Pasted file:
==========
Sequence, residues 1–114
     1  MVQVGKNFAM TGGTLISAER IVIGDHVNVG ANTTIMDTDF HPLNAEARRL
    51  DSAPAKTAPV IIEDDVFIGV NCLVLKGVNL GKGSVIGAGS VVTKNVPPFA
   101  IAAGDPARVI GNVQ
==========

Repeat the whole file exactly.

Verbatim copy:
Sequence, residues 1–114
     1  MVQVGKNFAM TGGTLISAER IVIGDHVNVG ANTTIMDTDF HPLNAEARRL
    51  DSAPAKTAPV IIEDDVFIGV NCLVLKGVNL GKGSVIGAGS VVTKNVPPFA
   101  IAAGDPARVI GNVQ